“We face dangerous times and we have to organise,” he said. “Many of us have come together and we have to carry on doing that. Enough is enough - never again.”
Claudia Webbe from Labour’s national executive committee brought “solidarity greetings from Jeremy Corbyn”.
“When Labour get into government we will not stop marching with you,” she said.
Joint general secretary of the NEU union Kevin Courtney said, “There are more of us than them today.
“In this country there is an anti-racist majority. Every time Tommy Robinson is on the streets we have to mobilise.”
And author Paul Mason said the Nazis “want to capture all the anger in British society”.
“To stop them we need unity,” he said.
Nita Sanghera, vice-president of the UCU Union, said, “We will be here again and again” to oppose the Nazis.
Ukip and Robinson together in hate
Ukip leader Gerard Batten shared a stage with Nazi Tommy Robinson on Sunday. A "Brexit Means Exit" march organised by Robinson and Ukip brought 5,000 people onto the streets.
Although the banner of the right's mobilisation was Brexit, the glue that held the different elements together was racism, and particularly Islamophobia.
From the stage Robinson attacked the "Islamisation" of Britain. On the march people talked about moving out of areas because they were becoming "swamped" and describing Islam as "poison".
Crisis-ridden Ukip is attempting to realign itself with a growing far right street movement. Ukip sees Robinson as the junior partner, but it may get a nasty shock.
The most popular chant in the march by far was "Oh Tommy, Tommy – Tommy, Tommy, Tommy, Tommy Robinson."
Groups such as the far right Generation Identity were on the march.
Ukip members moved through the crowd with sheaves of leaflets asking people to join the racist party. From the stage Batten implored people to join.
"I want to make Ukip bigger and stronger. I want Ukip to organise in every constituency and take votes away from the treacherous political class," he said. "We need more members, more money, more organisations and more candidates. I need you. I want you to join Ukip, I want you to play a part."
Robinson asked the crowd to join him in becoming a member of Ukip, as he went through the process on his phone on stage.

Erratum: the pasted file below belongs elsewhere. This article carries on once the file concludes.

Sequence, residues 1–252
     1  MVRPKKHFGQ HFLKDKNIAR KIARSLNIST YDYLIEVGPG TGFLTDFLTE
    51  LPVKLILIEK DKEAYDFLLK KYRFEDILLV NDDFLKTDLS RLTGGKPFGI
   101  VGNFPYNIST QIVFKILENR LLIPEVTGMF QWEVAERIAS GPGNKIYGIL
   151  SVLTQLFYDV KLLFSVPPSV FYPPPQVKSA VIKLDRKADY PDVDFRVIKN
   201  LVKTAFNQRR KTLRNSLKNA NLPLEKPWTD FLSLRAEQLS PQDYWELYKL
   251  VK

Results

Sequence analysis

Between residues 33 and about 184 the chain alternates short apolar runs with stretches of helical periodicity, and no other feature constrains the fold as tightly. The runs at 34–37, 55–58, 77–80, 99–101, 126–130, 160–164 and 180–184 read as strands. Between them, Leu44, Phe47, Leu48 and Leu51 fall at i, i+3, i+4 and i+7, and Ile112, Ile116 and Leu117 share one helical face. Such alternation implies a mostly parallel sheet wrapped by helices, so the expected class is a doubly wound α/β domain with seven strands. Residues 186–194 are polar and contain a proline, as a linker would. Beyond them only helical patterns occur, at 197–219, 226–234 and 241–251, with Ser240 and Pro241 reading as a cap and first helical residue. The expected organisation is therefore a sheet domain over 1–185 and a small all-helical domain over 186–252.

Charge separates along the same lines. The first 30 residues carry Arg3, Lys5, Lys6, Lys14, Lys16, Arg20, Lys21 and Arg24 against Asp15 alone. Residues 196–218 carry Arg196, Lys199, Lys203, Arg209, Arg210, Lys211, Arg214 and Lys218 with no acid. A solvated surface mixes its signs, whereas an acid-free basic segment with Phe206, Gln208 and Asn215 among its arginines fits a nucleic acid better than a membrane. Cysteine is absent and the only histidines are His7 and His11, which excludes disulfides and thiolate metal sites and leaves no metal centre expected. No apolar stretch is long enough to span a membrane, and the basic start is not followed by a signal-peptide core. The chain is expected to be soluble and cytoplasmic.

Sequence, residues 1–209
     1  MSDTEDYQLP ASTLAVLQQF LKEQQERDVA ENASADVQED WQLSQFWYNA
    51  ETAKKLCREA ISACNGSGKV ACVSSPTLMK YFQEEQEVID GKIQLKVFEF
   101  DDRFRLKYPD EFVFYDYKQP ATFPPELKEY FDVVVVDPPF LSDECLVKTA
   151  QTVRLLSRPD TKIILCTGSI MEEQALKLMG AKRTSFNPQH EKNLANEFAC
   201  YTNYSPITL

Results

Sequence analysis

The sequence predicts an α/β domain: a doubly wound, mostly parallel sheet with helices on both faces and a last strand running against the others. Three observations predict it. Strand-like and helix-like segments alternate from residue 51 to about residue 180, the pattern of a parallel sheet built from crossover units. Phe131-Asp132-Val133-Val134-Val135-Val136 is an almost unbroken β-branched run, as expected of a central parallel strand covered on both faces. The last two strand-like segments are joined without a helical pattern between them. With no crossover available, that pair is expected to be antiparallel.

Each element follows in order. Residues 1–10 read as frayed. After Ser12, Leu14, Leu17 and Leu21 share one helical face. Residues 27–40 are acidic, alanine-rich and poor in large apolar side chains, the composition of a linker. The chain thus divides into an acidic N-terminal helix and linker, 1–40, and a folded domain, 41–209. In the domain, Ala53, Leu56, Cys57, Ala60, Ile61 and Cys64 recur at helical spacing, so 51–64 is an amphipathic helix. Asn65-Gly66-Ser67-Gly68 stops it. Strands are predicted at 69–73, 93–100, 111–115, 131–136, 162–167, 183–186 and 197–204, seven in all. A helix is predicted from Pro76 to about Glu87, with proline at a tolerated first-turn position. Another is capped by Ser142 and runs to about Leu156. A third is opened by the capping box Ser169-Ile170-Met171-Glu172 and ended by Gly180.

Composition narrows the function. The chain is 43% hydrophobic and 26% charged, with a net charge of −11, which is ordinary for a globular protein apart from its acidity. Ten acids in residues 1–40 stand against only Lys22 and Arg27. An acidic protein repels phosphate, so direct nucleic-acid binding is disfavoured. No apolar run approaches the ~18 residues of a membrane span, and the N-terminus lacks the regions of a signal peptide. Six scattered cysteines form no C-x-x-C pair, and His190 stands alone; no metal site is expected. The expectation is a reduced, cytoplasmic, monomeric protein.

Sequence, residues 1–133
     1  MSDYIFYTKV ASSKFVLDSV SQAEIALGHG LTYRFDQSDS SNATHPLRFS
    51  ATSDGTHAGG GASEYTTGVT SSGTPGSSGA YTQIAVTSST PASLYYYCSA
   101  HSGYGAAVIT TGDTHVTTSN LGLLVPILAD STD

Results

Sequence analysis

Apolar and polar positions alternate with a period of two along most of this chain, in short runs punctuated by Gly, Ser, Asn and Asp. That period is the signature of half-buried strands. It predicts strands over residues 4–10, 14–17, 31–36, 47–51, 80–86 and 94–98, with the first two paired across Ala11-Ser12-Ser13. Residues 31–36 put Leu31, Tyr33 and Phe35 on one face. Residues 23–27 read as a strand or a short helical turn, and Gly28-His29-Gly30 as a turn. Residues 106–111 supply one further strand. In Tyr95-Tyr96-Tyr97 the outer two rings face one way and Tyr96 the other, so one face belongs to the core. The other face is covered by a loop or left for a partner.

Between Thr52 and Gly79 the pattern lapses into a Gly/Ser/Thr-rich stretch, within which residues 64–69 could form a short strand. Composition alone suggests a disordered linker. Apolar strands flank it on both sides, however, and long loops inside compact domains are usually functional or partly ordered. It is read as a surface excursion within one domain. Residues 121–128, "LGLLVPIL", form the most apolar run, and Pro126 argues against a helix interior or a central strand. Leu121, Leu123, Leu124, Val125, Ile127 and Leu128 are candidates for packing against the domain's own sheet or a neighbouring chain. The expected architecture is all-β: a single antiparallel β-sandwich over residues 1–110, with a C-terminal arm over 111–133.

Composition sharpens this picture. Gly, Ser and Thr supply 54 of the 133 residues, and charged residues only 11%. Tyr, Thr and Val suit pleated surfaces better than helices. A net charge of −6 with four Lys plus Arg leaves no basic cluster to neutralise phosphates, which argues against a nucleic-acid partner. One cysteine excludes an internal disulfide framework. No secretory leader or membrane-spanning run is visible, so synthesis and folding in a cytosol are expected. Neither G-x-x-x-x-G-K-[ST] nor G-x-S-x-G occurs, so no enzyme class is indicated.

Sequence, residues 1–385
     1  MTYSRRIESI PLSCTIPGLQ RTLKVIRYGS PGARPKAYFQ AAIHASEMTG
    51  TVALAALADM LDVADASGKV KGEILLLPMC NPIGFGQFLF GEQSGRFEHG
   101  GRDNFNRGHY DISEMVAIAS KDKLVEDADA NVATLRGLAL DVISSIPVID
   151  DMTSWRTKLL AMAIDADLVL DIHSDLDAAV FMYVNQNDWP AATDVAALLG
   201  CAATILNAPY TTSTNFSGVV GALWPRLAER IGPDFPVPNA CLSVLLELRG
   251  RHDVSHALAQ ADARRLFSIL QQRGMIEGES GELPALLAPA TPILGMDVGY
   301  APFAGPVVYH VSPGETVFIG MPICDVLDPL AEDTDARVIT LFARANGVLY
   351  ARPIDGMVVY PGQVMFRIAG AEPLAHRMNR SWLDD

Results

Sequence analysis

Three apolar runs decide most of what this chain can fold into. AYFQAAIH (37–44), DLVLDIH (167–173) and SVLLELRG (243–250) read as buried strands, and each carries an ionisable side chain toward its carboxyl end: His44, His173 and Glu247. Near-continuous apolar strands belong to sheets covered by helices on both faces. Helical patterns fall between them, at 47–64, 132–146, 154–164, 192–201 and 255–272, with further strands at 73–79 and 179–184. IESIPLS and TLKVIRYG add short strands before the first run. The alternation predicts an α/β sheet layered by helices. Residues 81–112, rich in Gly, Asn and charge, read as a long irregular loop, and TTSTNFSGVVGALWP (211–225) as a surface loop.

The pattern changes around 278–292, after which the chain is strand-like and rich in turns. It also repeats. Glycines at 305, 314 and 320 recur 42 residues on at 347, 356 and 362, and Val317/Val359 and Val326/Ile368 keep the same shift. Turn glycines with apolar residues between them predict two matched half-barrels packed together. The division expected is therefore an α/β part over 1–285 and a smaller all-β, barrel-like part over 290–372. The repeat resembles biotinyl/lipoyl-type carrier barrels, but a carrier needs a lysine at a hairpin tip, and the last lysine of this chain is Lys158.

Ukip talks of electoral politics, but its strategy appears to have shifted to an emphasis on more grassroots activity.
But if Batten’s intention for the march was to reach wider layers of people than established far right groups and Ukip he was unsuccessful. The turnout was smaller than Robinson has achieved on his own.
Batten has appointed Robinson as an adviser. Senior Ukip members and supporters have left the party in the last week because of that.
Batten did not defend himself from their attacks on him, instead he allowed Robinson to do it for him.
"The pressure that must have been on Gerard Batten in the past week, and he's still standing," said the Nazi.
Disgraced former Tory, now Ukip Welsh Assembly member Neil Hamilton spoke from the stage. And the Ukip spokesperson on immigration delivered a ranting speech about "a changing culture across Europe" where he likened Brexit supporters to the Terminator from the film.
The far right were on their best behaviour on the march - a stewards’ meeting at the start was told to take beers off people who were drinking. And when Robinson's cousin Kevin Carroll saw a marcher soaking an EU flag in lighter fluid he hot-stepped it across the stage to make sure it didn't go up in flames.
From the stage Robinson said, "The reality of this demonstration is beautiful British people."
It's important to keep calling him a Nazi to prevent him posing as the champion of the working class.